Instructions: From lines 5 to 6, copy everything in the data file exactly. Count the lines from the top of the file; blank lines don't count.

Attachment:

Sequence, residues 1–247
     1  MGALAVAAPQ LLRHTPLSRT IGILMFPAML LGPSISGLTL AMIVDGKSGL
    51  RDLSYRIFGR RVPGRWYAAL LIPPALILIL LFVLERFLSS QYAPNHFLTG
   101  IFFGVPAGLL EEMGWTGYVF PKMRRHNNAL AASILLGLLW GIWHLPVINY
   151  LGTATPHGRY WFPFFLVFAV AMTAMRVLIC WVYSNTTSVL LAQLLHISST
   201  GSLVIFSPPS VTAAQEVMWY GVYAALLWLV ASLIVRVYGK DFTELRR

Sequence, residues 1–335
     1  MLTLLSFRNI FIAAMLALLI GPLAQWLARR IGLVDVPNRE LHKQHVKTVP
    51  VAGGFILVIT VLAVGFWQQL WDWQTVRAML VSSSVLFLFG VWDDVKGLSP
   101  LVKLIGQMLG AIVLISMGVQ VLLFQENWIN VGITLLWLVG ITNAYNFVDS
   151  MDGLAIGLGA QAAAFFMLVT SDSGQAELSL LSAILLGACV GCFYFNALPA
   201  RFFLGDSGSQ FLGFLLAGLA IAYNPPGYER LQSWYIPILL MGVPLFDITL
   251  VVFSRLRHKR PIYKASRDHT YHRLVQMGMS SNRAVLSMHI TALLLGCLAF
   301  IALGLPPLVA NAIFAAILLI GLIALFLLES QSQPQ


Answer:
   151  LGTATPHGRY WFPFFLVFAV AMTAMRVLIC WVYSNTTSVL LAQLLHISST
   201  GSLVIFSPPS VTAAQEVMWY GVYAALLWLV ASLIVRVYGK DFTELRR